Given that the President of the Dicastery for Christian Unity has said that there is no theological dialogue between the Catholic Church and the Russian Orthodox Church, the Cardinal was asked if there could be a specific ecumenical dialogue between both Churches: “On one hand, the doors must never be closed,” he answered, adding that there must “always be an open chink, otherwise nothing can be done. On the other hand, it’s lamentably impossible to predict how long the terrible war in Ukraine will last. If a new meeting is held between the Pope and the Patriarch at a time in which the war is still underway and Patriarch Kirill cluings to his indefensible justification of the war, the meeting would be exposed to grave misunderstandings, as it could be misinterpreted as the Pope’s support of the Patriarch’s position, which would seriously harm the Pope’s moral authority. I thank Pope Francis for cancelling the meeting with Patriarch Kirill in Jerusalem planned for mid-June.”
In fact, a meeting was planned in mid-June in Jerusalem, in the context of the Pontiff’s visit to Lebanon, a visit that was subsequently cancelled for health reasons. However, a meeting in Kazakhstan was anticipated for September 2022.
Stephen Baier’s interview in the Tagespost also addresses questions, such as the difficulty that exists in the Orthodox world to understand the universality and the papacy, and the difficulty the Catholic Church also has to understand the unclear distinction between Church and State that the Orthodox have. Referring to the papal primacy in the framework of the question whether it’s the last obstacle between Catholics and Orthodox, Cardinal Koch said:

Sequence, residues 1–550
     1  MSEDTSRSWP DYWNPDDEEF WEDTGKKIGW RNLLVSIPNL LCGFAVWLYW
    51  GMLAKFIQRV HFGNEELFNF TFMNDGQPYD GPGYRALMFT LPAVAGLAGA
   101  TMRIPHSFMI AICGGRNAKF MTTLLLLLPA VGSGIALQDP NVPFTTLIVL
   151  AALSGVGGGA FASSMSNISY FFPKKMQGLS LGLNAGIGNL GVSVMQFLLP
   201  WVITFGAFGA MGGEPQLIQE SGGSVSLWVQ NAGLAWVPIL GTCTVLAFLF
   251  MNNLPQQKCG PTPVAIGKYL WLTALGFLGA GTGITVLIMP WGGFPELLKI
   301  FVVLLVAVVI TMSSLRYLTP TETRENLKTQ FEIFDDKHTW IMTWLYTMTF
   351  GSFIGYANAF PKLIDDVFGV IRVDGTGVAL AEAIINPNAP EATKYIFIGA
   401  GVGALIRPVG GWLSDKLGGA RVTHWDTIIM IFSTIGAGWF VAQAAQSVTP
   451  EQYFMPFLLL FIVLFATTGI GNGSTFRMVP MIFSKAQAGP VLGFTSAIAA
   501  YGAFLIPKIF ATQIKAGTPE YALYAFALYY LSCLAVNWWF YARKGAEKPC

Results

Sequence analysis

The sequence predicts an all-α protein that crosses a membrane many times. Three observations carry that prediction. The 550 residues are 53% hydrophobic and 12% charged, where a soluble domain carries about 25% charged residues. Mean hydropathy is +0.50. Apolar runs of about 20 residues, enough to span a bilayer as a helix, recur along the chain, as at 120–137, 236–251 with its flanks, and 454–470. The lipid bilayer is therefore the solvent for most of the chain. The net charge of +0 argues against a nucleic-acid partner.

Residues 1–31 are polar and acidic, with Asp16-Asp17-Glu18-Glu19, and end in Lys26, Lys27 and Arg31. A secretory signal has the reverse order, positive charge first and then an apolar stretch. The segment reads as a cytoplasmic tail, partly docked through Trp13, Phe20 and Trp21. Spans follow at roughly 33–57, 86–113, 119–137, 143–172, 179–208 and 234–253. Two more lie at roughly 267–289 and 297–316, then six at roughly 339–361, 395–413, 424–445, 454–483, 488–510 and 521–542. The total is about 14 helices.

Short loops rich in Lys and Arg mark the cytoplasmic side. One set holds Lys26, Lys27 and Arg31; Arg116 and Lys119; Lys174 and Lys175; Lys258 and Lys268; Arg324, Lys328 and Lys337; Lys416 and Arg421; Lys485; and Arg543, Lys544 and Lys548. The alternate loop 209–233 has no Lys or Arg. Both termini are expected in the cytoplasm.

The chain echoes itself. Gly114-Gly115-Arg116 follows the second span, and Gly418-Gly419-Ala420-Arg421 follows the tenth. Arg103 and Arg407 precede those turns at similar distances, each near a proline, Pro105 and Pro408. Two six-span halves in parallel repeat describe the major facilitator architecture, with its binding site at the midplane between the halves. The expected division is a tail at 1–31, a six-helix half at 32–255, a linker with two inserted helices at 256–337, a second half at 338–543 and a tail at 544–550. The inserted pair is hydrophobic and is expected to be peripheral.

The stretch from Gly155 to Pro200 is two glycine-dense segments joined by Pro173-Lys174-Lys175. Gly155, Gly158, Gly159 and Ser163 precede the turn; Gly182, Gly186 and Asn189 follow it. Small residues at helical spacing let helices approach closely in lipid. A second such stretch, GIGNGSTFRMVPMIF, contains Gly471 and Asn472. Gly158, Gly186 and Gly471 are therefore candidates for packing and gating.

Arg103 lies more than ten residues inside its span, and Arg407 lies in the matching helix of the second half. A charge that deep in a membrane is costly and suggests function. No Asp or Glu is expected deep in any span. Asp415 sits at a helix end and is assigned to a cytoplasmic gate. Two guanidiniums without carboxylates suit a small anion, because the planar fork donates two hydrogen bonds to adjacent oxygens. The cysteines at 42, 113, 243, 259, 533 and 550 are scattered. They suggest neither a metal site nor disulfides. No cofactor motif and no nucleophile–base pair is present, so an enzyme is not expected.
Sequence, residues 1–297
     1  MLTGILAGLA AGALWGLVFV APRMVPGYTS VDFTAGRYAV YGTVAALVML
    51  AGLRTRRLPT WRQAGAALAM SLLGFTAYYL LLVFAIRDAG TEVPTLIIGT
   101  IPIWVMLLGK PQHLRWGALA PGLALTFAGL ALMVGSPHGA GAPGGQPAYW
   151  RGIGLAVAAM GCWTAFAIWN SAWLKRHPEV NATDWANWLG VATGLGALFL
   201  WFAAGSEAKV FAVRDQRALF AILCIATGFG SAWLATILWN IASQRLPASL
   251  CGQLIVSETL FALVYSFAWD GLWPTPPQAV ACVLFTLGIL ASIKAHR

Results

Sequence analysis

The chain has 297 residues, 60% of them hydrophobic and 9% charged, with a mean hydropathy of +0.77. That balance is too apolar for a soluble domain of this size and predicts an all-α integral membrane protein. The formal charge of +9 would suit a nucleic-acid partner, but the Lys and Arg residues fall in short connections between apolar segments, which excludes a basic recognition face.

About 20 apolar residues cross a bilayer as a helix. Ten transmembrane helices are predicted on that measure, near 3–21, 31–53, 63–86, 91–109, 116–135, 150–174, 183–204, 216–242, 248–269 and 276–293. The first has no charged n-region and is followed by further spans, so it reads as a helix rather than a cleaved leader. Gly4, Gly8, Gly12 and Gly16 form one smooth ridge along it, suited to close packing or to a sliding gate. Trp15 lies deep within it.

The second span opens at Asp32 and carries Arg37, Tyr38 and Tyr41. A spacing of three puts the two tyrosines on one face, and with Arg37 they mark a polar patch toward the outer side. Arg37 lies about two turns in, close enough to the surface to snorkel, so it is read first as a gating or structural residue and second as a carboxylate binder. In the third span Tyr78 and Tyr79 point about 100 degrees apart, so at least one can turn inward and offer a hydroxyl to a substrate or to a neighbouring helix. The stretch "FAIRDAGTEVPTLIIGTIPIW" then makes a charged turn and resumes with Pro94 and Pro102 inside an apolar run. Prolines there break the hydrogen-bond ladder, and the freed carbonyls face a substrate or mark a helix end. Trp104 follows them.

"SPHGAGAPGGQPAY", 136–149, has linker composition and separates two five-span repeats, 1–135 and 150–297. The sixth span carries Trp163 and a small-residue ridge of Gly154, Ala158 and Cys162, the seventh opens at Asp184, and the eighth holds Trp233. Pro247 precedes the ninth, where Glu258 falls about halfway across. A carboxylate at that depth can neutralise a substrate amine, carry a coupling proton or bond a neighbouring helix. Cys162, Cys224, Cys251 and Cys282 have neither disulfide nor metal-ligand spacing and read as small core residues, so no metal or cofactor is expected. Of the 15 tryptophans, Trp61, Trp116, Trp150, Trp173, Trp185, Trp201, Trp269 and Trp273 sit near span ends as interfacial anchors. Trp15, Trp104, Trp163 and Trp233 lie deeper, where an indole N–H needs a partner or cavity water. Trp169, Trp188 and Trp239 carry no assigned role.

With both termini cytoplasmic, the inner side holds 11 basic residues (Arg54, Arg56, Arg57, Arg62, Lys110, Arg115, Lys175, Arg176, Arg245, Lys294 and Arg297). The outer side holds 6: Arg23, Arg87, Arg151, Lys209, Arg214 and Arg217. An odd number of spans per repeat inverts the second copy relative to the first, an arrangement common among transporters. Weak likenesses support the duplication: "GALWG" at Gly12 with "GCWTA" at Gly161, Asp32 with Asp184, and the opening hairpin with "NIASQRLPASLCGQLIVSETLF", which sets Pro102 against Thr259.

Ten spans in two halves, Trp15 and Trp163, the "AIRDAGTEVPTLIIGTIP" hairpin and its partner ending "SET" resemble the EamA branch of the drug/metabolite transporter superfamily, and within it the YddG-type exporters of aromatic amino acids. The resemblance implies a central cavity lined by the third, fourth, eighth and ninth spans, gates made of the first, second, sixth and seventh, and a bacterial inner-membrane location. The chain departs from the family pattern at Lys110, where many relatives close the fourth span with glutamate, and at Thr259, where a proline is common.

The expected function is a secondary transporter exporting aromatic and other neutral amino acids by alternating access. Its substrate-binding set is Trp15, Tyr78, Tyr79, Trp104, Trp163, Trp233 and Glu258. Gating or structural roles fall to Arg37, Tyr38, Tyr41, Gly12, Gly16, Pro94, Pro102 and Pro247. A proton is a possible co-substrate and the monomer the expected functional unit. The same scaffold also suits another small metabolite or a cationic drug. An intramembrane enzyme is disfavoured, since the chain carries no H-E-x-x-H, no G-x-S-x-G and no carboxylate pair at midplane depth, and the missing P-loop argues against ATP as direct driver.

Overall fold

“The main topic of the theological dialogue between the Catholic and Orthodox Churches is the relationship between synodality and primacy. In this connection, we were able to take an important step in 2007 with the Ravenna Document. This Document expresses the conviction that synodality and primacy are interdependent and that the Church needs a protos, a first, at all the levels of her life: local, regional and universal. The fact that Catholics and Orthodox can say together that a protos is also necessary at the universal level of the Church was an important step.
It’s true that this point of view was acknowledged by the Russian Orthodox Patriarchate, which in fact published its own Document on the universal primacy, which differs largely from the Document of the International Mixed Commission. But in this dialogue also there was no exchange of opinions on the biblical vision of Peter and his position in the circle of the Twelve. Rather, there is talk of primacy in a quite abstract sense. However, a purely functional view of the primacy isn’t sufficient.
We, Catholics, are convinced that with the ministry of the Successor of Peter we have received a precious gift of the Lord, which we must not keep for ourselves, but transmit, because we see in it an important service to unity. In his Encyclical on the ecumenical commitment [Ut Unum Sint] Pope John Paul II expressed the conviction that the ministry of the Successor of Peter is a ministry of unity and that it is also manifested above all in ecumenism.”
Evidencing that, perhaps, what the Orthodox world is lacking is the principle of unity, the Swiss Cardinal said. “Metropolitan Hilarion has repeatedly criticized the Ecumenical Patriarch for not behaving as an Orthodox Pope. It’s certainly not a friendly statement to us, Catholics, when the word “Pope” is used as a negative label. If the Russian Orthodox Patriarchate does or does not recognize the primacy of honour of the Ecumenical Patriarch and his competency to confer autocephaly, it’s not for me to judge him, but it must be discussed among the Orthodox.”
Finally, to the question on the ecumenical dialogue, Cardinal Kurt Koch answered that it’s being dissolved in many “dialogues.”
“Orthodoxy has decided to carry out a theological dialogue with the Catholic Church at the multilateral, not bilateral, level. This decision is binding for me. The formula with which it wants to dialogue with us in the future is the responsibility of Orthodoxy. If the dialogue is carried out only at the bilateral level, I fear it would create even more tensions within Orthodoxy. We cannot nor should we find unity between the Catholic and Orthodox Churches by dividing Orthodoxy itself. To strengthen unity within Orthodoxy must also be a concern of ours, especially in the current and very difficult situation of global Orthodoxy.”
The interview published originally in German, can be consulted at this link.